British Prime Minister, 1937-1940. Most remembered for his
ill-advised policy of appeasement toward Nazi Germany prior
to World War II, resulting in the Munich Pact of 1938.
Arthur Neville Chamberlain was born on March 8, 1869 in Birmingham. He was educated there and became mayor in 1915. Elected to Parliament in 1918, he then held a series of public posts, such as postmaster general, minister of health, and chancellor of the Exchequer.
In 1937, Chamberlain became Prime Minister. His major goal seemed to be the prevention of a war in Europe. He practiced a policy of appeasement toward Germany that resulted in the Munich Pact, signed in September of 1938. As a result of the pact, Czechoslovakia was forced to cede the Sudetenland, a part of Czechoslovakia with a large ethnic German population, to Germany without compensation.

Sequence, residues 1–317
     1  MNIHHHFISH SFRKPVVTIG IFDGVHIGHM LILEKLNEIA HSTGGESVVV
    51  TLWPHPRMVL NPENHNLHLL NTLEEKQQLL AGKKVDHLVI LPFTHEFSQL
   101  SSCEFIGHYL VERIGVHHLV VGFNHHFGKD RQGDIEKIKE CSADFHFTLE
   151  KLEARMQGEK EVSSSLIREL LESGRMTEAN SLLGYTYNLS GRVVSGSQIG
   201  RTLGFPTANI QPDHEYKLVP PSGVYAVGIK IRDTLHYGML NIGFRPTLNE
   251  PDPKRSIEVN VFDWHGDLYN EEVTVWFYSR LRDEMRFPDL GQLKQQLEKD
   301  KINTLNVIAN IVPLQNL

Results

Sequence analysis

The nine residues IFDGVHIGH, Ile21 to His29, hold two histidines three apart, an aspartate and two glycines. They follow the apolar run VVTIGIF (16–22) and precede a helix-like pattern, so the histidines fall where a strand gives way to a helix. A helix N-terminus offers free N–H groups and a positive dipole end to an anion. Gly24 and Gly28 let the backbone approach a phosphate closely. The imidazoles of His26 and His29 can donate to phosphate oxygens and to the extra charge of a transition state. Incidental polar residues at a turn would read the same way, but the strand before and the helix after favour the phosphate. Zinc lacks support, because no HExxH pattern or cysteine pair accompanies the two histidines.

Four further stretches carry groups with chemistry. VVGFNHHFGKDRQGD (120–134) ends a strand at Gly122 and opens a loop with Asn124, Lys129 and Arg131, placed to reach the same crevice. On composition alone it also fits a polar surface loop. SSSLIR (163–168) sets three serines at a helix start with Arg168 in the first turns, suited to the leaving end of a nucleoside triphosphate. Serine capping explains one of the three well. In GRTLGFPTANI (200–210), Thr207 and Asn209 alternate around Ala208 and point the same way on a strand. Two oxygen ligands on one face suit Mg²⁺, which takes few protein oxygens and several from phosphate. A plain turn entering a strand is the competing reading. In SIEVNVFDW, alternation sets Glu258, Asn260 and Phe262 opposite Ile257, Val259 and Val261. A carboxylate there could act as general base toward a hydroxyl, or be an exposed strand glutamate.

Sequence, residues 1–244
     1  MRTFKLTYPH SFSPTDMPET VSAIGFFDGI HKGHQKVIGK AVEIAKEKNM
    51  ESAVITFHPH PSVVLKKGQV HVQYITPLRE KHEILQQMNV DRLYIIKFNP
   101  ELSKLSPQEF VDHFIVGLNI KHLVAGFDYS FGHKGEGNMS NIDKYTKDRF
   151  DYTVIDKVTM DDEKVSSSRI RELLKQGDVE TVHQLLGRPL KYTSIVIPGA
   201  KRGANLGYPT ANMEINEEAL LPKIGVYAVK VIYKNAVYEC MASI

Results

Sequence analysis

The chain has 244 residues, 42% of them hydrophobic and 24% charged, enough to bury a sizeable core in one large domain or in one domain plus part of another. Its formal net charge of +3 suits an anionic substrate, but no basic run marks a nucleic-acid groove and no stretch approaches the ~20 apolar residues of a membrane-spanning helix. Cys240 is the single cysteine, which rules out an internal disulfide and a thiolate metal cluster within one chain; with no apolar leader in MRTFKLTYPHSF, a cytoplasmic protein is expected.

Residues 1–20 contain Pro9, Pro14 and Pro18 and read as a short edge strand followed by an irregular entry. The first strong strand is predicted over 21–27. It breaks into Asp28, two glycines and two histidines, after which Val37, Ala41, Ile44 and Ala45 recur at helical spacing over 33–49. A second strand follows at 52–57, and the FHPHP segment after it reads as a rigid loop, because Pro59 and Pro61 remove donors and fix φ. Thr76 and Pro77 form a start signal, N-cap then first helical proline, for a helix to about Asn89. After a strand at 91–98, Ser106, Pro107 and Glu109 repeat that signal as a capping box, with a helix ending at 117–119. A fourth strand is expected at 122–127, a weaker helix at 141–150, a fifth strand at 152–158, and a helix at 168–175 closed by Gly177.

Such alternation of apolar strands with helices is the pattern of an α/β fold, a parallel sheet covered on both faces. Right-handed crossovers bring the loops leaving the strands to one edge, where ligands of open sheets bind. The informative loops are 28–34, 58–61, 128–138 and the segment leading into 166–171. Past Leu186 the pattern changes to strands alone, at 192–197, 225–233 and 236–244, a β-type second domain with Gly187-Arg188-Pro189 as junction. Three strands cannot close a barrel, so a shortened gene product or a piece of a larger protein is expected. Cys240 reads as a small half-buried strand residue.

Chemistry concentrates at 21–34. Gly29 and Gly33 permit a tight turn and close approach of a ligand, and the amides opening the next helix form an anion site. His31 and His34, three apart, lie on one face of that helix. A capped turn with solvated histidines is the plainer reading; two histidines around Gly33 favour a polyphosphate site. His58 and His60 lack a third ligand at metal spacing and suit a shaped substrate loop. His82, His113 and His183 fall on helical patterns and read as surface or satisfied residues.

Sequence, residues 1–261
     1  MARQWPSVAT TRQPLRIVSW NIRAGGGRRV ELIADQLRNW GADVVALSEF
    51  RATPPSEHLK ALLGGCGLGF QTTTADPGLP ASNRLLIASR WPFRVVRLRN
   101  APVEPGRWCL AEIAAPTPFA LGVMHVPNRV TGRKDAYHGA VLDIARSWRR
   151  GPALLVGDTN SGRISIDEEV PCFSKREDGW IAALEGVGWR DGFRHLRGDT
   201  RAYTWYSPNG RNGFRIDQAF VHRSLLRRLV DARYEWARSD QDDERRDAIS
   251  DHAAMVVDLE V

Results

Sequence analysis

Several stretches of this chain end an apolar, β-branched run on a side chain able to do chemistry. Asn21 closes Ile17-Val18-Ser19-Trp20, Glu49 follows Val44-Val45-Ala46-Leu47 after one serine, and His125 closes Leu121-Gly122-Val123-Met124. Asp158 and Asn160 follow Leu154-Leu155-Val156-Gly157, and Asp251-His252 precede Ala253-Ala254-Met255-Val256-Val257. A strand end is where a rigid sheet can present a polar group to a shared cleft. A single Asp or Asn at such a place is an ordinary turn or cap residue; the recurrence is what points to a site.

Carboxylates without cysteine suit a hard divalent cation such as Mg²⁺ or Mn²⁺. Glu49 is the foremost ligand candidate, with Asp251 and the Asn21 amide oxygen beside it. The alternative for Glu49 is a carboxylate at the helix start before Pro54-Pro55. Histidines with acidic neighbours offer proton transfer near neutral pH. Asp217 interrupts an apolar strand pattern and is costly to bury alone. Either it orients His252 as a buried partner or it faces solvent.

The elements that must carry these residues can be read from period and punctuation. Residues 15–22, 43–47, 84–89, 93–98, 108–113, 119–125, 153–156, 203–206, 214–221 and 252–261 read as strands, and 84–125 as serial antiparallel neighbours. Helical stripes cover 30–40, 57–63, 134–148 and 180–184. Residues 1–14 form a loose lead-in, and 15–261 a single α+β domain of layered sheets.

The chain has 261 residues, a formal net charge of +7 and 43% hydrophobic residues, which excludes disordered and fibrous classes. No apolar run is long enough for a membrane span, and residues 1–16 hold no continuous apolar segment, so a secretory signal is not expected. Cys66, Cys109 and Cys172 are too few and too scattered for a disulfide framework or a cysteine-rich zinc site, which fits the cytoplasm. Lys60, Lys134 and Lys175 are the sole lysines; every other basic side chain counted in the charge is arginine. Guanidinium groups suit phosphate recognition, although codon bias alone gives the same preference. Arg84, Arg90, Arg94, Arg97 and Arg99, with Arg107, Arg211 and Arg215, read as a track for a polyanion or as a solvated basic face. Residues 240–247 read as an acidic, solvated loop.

Chamberlain eventually realized that his policy was a failure. When Poland was threatened the following year, he vowed British support. When Hitler invaded Poland, Chamberlain and Great Britain declared war on Germany.
Due primarily to the debacles of the first months of the war, Chamberlain was forced to resign as Prime Minister in May of 1940. He did, however, remain in Churchill's cabinet as lord president of the council.
Illness forced his resignation from the government in October, 1940. He died soon after, on November 9th.